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1/25/2006
SPECIAL REPORT: Toll road lease bill advances in Indiana

One day after a foreign consortium bid nearly $4 billion to lease and operate the Indiana Toll Road for 75 years, an Indiana House panel gave its endorsement of the plan.

The Republican-led House Ways and Means Committee voted 14-10 along party lines Tuesday, Jan. 24, to advance a bill that would authorize Gov. Mitch Daniels to lease the 157-mile route to a Spanish-Australian group. The measure - HB1008 - now heads to the full House, where Republicans have a 52-48 majority.

If approved by the legislature, the state could receive $3.85 billion in June, The Associated Press reported.

The legislative activity follows a bid process on the Indiana Toll Road that wrapped up Friday, Jan. 20.

The state received four offers, all from foreign companies. But the bid from Cintra of Madrid, Spain, and Macquarie Infrastructure Group of Sydney, Australia, was clearly better than the others, Daniels said.

"Every bid offered an enormous amount of money far beyond anything the state could generate on its own," Daniels announced in a written statement.

The Republican governor had set $2 billion as the minimum bid acceptable.

"It's unprecedented," Charles Schalliol, Daniels' budget director, told Bloomberg. "This is a blowout bid for the state."

The leasing initiative is the biggest chunk of Daniels' 10-year, $10.6 billion statewide construction plan dubbed "Major Moves."

In the next decade, the lease would cover a gap of $2.8 billion needed for road and bridge work throughout the state, as well as pay for an extension of Interstate 69 from Indianapolis to Evansville, IN, and make it a private toll road.

Supporters say road privatization is the way of the future because traditional funding mechanisms, such as the state's fuel tax, are proving more inadequate.

"It's time for boldness and innovative thinking," Ways and Means Chairman Rep. Jeff Espich, R-Uniondale, toldThe Journal Gazette. "What is the alternative? Do nothing?"

But Democrats say the plan puts too much power in the hands of the executive branch and turns operations of state assets to private ventures that would aim for bigger profits by raising tolls higher and higher. Others say the concept is so new that more study is needed.

House Minority Leader Patrick Bauer, D-South Bend, said that instead of calling the plan "Major Moves," it should be dubbed "risky business."

Rep. Dennis Avery, D-Evansville, also voiced his concerns.

"It really concerns me that we are putting Indiana on the auction block," Avery told The AP.

A private lease would include a noncompete clause barring the state from building a new east-west highway 10 miles north or south of the toll road, The Munster Times reported. And the state would have to compensate the toll road operator if it built more than 20 miles of east-west highway within the buffer zone.

In addition to leasing roads, the bill would give the governor sweeping authority to impose an extensive menu of toll rates. That would change existing state law that requires tolls to be uniform by distance.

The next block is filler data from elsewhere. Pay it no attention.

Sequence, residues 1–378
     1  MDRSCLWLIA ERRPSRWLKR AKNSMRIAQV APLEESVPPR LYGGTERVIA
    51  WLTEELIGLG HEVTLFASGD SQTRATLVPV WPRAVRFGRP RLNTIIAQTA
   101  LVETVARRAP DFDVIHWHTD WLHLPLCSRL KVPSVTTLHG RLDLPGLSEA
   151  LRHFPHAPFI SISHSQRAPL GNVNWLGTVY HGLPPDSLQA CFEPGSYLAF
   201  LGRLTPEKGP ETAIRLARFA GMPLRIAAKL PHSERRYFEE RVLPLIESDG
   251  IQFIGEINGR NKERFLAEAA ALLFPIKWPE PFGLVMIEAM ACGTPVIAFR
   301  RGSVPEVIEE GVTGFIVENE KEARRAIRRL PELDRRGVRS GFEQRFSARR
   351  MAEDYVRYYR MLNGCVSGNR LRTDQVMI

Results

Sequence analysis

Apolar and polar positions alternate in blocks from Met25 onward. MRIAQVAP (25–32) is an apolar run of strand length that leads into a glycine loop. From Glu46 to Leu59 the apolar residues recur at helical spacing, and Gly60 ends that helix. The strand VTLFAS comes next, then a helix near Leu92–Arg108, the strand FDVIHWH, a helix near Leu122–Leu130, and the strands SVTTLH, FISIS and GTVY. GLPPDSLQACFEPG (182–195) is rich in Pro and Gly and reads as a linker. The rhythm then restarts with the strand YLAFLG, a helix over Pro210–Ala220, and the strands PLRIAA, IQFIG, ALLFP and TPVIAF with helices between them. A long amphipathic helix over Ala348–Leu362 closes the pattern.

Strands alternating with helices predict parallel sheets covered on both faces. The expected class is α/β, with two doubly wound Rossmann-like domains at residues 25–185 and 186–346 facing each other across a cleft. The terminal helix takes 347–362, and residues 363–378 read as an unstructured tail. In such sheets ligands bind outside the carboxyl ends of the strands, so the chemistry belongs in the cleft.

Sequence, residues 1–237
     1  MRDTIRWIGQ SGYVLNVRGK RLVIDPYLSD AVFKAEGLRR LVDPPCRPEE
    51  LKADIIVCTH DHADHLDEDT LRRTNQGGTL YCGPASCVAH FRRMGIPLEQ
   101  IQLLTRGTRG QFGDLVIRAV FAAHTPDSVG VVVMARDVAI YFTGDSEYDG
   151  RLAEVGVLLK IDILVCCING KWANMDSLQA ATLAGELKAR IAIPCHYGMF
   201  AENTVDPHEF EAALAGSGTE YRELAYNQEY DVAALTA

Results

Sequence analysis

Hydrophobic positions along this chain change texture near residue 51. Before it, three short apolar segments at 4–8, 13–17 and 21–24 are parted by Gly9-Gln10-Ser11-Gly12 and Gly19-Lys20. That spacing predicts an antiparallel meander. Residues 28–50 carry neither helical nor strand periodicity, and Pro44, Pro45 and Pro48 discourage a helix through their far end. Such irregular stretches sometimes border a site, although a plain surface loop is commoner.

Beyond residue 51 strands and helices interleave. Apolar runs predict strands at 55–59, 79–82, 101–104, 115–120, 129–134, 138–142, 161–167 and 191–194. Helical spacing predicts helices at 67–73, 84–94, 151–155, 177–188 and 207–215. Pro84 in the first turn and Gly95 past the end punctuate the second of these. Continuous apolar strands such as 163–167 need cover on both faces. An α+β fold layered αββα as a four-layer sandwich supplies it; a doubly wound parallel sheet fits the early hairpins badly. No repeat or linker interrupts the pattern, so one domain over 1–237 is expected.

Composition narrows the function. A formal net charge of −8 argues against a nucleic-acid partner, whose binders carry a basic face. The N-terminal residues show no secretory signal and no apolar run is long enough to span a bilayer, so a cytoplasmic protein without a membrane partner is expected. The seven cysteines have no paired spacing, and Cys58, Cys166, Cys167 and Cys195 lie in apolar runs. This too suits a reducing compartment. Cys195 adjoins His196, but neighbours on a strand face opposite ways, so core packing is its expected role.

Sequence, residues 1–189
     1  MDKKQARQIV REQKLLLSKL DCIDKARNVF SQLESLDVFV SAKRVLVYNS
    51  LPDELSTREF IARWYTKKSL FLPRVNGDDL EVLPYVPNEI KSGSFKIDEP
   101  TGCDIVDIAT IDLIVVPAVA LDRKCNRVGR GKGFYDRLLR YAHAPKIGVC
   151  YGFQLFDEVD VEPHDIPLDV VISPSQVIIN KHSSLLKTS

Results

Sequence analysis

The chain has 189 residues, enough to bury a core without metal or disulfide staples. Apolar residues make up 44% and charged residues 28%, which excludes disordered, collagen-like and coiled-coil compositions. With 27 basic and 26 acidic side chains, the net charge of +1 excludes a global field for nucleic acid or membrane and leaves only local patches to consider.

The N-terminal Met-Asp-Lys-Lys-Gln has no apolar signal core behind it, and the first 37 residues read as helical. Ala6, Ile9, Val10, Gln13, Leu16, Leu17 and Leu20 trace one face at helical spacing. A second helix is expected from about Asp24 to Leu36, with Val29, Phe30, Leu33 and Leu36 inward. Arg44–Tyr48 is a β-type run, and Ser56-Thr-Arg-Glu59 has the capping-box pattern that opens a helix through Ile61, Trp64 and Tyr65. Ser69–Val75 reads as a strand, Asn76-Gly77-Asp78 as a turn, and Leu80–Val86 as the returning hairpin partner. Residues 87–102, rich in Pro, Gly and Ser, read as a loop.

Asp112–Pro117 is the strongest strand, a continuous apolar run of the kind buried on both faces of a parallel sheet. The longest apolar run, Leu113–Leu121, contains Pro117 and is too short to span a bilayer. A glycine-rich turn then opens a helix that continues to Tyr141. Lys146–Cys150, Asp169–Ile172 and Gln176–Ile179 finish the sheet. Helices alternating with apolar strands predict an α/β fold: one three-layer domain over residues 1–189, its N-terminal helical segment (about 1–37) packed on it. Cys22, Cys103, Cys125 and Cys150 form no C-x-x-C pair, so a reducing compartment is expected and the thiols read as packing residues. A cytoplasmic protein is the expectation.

Daniels wants to be able to increase or decrease tolls for a number of reasons. Among the options being pursued are peak-time rates, high-occupancy tolls, as well as adding electronic tolling.

Before the vote, the panel made changes that limited the bill to only roads and bridges. It previously allowed the governor to seek similar lease arrangements for airports, cargo ports and transit systems.

While lawmakers discuss privatization, plans are to go ahead and increase tolls along the toll road by 72 percent for cars and 120 percent for large trucks by 2010.

If the fare increase is approved after public hearings in March, the rate for tractor-trailers traveling from the Illinois line to Ohio would rise from $14.55 to $18 this year. The rate would climb to $22.50 in 2007, $27.25, in 2008 and $32 in 2009.

Passenger vehicle rates for driving the same distance would rise from $4.65 to $8 this year. No other increases are planned until 2011, when car and truck tolls would be pegged to inflationary indexes.

The fair hikes, which could take effect as early as April, could generate an additional $770 million in 10 years.

State officials are relying on in-state and out-of-state vehicles in their toll revenue projections. Indiana Department of Transportation figures show that 66 percent of 2004 toll road revenue came from out-of-state vehicles, 18 percent from in-state cars and 16 percent from in-state truck traffic.

Todd Spencer, executive vice president of the Owner-Operator Independent Drivers Association, said the gradual phase-in is more reasonable than the alternative. But he said Indiana truckers should be receiving a credit for fuel taxes paid on toll road miles.

"Different people can have different views about appropriate toll charges, but what should infuriate every Indiana resident is the governor's plan to auction the road off to the highest bidder for up-front cash," Spencer said.

"It's a lousy idea. It's inappropriate for our roads, not to mention roads that are part of the National Defense Highway System, to be leased to foreign countries. This simply is a green light for others who would love to pick and choose and potentially toll every road in the country."

Spencer's concerns about leasing roads to foreign companies were echoed by Indiana Democrats.

"I don't think Dwight Eisenhower, a Republican, would like that very much," Bauer told Land Line, "because he sold the interstate system (as desirable), and he sold it for national security reasons."

The full House likely will take up the issue early next week.

- By Keith Goble, state legislative editor
keith_goble@landlinemag.com

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